Happy weekend everyone, and I’m back to provide some updates about the ongoing Hacker Bootcamp I am hosting for 10 Penn State Students!
Last week we discussed regulatory compliance and nmap as part of our course materials to give the students some perspective on what regulations govern cybersecurity activities through enterprises and the government sector. Check that post out here: Inspiring the Next Generation with INE and the eJPT, Regulatory Compliance and Nmap - Part 5 of 8
This week we have entered the Web Application attacks module! Time to get our hands dirty with some basic exploitation such as XSS, SQLi, other attacks, and very importantly - Burp Suite.
If you did not know about Burp Suite it is a web proxy that comes with a lot of built-in attack vectors and useful tools. Burp Suite has the ability to intercept requests sent to a web server, and this can be very useful for bypassing some forms of input validation (such as file uploads) which can then allow you to execute attacks such as a shell upload, XSS or SQL Injection. Burpsuite also has the ability to utilize the Repeater (to repeat requests) and the Intruder (to alter requests continuously according to a payload list). These two tools can also come in handy when testing APIs for rate limiting as well.
A lesser known area of Burpsuite is their amazing catalog of extenders.
Especially if you are in an enterprise environment, or you are hunting for specific Bug Bounties, the Burp Suite extender store is a great resource. Some of the extenders that I recommend you use on a regular basis are the following:
- JSON Web Token (JWT4B) - used for decoding and checking the security of JSON Web Tokens which is a very popular authentication method a lot of APIs and Web Applications use these days!
- Param Miner - used to find hidden parameters in requests that may be vulnerable to XSS or SQLi, etc.
- Bypass WAF - used to modify specific aspects of requests (like the originating IP, etc.) to help in bypassing some web application firewalls.
- CO2 - this extender has a lot of functionality, but one of my favorite functions is the SQLMapper functionality. This extender can take a request that you sent to it and automatically create the SQL Map command to exploit whatever parameter you are targeting, it takes the work out of typing SQLMap requests.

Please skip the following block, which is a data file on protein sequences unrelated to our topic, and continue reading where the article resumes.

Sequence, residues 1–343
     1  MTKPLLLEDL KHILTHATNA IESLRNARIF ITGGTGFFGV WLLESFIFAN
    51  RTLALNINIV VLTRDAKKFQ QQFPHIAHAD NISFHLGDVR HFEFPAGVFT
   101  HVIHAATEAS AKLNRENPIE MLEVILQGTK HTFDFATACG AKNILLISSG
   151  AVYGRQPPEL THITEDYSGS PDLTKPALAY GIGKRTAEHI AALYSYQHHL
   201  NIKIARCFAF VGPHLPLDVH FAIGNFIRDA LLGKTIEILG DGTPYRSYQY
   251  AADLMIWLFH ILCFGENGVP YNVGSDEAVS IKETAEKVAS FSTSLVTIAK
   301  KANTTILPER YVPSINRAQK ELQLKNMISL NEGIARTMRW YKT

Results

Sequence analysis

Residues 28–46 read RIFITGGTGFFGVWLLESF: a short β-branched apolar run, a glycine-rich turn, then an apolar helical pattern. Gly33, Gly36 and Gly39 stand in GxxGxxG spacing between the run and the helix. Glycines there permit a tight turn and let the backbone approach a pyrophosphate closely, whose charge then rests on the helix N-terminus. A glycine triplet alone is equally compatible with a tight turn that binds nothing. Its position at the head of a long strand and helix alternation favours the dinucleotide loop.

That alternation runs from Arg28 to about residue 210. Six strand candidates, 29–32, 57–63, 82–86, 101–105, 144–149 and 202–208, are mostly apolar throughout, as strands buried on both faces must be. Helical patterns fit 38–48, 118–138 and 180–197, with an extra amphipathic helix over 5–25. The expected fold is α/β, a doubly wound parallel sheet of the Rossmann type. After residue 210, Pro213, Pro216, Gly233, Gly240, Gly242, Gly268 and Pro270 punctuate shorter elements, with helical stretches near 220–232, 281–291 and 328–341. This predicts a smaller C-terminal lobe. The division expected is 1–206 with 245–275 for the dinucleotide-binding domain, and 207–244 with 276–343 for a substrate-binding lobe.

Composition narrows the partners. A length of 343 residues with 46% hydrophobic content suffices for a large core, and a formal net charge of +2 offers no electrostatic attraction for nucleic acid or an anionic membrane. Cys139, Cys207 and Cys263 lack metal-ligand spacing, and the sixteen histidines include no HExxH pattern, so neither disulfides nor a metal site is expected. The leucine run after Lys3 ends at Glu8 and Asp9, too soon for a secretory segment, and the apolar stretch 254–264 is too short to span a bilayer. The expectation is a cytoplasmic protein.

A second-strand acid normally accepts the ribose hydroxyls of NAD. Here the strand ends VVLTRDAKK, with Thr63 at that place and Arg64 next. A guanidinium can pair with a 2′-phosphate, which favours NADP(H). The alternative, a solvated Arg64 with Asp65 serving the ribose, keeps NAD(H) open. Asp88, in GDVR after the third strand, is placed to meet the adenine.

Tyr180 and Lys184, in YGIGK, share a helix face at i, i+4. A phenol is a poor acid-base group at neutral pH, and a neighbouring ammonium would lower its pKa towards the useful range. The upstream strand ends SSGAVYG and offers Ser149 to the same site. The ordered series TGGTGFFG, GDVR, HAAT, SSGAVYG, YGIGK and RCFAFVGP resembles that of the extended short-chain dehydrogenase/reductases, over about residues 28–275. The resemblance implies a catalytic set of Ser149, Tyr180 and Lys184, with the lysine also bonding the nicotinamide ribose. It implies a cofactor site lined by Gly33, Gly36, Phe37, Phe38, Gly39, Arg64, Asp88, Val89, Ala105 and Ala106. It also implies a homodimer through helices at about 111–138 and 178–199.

I hope you found that list of Burp Extenders interesting, and please let me know if you have a favorite extender!
As always here are the assignments I gave my students for the week, I hope you can follow along!
Read/Watch the Following Sections from “Penetration Testing Prerequisites”:
- Web Applications
- Here we will learn about the basics of HTTP, Cookies, and how to use Burp Suite
Do the following Labs from "Penetration Testing Prerequisities"
- Burp Suite Basics
- Burp Suite
Read/Watch the Following Sections from “Penetration Testing Basics”:
- Web Attacks
- Here we will learn some basic web attacks like directory busting, SQL Injection, and XSS (Cross-Site Scripting)
Do the Following Labs from “Penetration Testing Basics”:
- Cross-Site Scripting
- SQL Injection
Week 5 Homework:
Please describe the mitigation strategy to prevent attacks such as SQL Injection and XSS (Cross-Site Scripting).
What is the password for the email@example.com account in the “SQL Injection” Lab?
Do some research on the “OWASP Top Ten” what is the #1 web application attack vector? What attacks from the labs/material fall into this category of attacks?